In addition to making traditional solo 401(k) contributions with pre-tax dollars, it’s also possible to set up a Roth solo 401(k). You can decide which is likely to work best for you based on your unique situation.
The contribution limit for a solo 401(k) is the same as for a traditional 401(k). However, there is a bit of a twist. Because you’re both the employee and the employer, you can also make additional contributions as an employer. So, you could make your $22,500 in contributions (for 2023) as an employee and then make an employer contribution of up to 25% of your compensation. Total contributions — including catch-up — for 2023 can’t exceed $66,000.
How to set up a 401(k)
Because traditional, Roth, safe harbor, and SIMPLE accounts are employer-sponsored, it’s a good idea to talk to your human resources department about how to set up a 401(k). You’re also likely to get information about the enrollment process as a new employee. For the most part, all that’s needed to start your account is for you to decide how much of your paycheck you want to have withheld as contributions to the plan.
In general, your 401(k) plan will typically be managed by an outside brokerage. Your employer is the plan administrator and has a fiduciary responsibility to make sure that the employees have access to the best plan options for them.
When you get started with a new 401(k) plan, you’ll likely receive an account login from the financial firm managing the investments. There’s also a good chance you will need to make a fund selection from available investment options to make sure your money is actually being invested, rather than just sitting in the account, earning only a nominal amount of interest.
Some employers also offer the chance to make Roth contributions. Realize, though, that if your employer matches your contributions, their portion will actually be held in a pre-tax account like a traditional 401(k), while your contributions are held in the Roth.
How to set up less-common 401(k) plans
As a business owner, you might decide to set up your own plan. You’ll need to find a financial institution or broker that allows you to set up plans for your workers or a solo 401(k) for yourself. Fidelity, Betterment, and TD Ameritrade are just some examples of brokers that can help you set up plans for employees and yourself.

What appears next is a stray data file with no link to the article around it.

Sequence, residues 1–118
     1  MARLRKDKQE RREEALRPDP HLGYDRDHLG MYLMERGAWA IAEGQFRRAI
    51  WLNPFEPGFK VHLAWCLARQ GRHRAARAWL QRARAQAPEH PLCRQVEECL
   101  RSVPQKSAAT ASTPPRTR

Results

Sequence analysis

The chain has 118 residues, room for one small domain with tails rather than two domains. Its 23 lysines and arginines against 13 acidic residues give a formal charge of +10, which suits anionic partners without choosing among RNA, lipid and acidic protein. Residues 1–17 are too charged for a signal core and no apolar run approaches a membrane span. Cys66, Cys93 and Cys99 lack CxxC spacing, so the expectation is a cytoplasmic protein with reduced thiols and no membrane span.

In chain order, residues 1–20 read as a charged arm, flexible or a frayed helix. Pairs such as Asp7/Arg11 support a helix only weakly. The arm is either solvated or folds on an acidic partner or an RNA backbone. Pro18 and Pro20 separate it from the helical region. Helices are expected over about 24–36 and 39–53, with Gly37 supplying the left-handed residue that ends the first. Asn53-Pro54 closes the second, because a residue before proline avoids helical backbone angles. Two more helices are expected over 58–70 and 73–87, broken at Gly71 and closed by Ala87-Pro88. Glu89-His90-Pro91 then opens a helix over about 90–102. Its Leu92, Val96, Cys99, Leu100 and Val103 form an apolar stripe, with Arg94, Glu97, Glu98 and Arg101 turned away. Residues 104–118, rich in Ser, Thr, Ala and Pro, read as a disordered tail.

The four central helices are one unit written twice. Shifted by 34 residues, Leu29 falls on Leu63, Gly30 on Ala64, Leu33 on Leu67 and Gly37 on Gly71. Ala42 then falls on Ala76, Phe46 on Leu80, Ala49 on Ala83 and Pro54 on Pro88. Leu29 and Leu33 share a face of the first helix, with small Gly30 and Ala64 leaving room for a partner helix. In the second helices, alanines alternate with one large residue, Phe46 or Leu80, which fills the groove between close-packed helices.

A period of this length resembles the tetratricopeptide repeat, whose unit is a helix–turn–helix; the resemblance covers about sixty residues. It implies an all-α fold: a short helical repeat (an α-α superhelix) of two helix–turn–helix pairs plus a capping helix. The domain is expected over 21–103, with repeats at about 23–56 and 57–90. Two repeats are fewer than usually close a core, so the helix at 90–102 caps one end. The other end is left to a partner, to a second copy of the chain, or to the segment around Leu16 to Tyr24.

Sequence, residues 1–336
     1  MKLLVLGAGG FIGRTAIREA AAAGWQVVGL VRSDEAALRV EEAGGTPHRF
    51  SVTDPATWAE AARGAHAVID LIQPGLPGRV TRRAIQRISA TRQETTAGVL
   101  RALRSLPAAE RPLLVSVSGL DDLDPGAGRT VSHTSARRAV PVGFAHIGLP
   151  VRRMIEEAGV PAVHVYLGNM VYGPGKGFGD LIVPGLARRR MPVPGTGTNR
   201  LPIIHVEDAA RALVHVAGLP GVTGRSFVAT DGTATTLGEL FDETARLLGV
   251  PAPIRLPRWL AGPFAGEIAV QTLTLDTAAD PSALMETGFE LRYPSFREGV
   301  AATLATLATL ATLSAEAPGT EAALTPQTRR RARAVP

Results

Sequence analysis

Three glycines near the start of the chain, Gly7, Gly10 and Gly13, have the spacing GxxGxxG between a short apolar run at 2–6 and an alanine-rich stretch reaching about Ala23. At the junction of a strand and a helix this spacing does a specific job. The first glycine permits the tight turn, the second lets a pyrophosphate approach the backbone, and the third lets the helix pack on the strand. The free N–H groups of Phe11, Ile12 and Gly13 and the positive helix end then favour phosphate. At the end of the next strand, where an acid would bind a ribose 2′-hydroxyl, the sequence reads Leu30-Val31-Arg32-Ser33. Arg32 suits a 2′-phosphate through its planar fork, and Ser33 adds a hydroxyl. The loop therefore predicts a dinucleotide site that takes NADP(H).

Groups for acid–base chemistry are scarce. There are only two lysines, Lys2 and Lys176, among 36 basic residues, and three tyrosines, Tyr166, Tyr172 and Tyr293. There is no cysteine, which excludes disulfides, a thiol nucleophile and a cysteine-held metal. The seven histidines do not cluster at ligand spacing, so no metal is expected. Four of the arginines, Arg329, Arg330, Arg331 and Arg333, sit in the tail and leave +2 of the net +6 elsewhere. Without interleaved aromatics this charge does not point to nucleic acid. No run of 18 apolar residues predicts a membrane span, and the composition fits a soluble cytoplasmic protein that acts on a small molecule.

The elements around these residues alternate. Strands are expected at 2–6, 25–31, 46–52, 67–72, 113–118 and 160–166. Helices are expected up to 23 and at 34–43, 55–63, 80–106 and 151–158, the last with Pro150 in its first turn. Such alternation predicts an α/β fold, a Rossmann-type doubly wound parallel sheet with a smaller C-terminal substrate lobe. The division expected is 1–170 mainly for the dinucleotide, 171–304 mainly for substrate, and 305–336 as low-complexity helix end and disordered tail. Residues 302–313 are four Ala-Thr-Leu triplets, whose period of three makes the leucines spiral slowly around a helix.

If you have employees, a SIMPLE 401(k) might help you provide a benefit for your workers without meeting some of the requirements expected of a traditional plan. This can simplify your paperwork and make the plan easier to administer.
On the other hand, if you don’t have employees, it’s fairly straightforward to open a solo 401(k) with a broker that offers that choice. You might even choose to open a Roth solo 401(k) and make after-tax contributions that you can withdraw tax-free later.
Finally, if you decide you want to add a safe harbor provision to your 401(k) plan, you need to go through a notification process to let employees know about any changes. You could set up a safe harbor 401(k) from the beginning, but it’s important to look for a plan provider that specializes in custom retirement plans and is willing to help with the process.
What to consider when opening a 401(k)
As you consider whether to participate in your employer’s 401(k) — or to open a solo 401(k) — it’s important to think about whether it’s the right choice for you. When making your decision, consider the following:
- Risk tolerance: Think about how much risk you can handle financially as well as emotionally. Plan for money you set aside in a 401(k) to be locked up until you reach age 59 1/2. While there are ways to access the money penalty-free before then, it’s a good rule of thumb to only put in money you know you probably won’t need in the immediate future.
- Investment choices: Look at the investment choices available in your company’s 401(k) plan. In general, you’re likely to find target-date mutual funds, index funds, and other types of mutual funds. Other common investment options include company stock and variable annuities. While some retirement plans might offer Exchange Traded Funds (ETFs), you’re more likely to find those choices when you open a solo 401(k).
- How much you plan to invest: Decide how much you want to invest and whether you can increase your contributions each year. One of the best ways to ensure that you reach your retirement goals is to arrange for automatic increases in your contributions each year. However, it’s important to remember that all types of investing come with the risk of loss.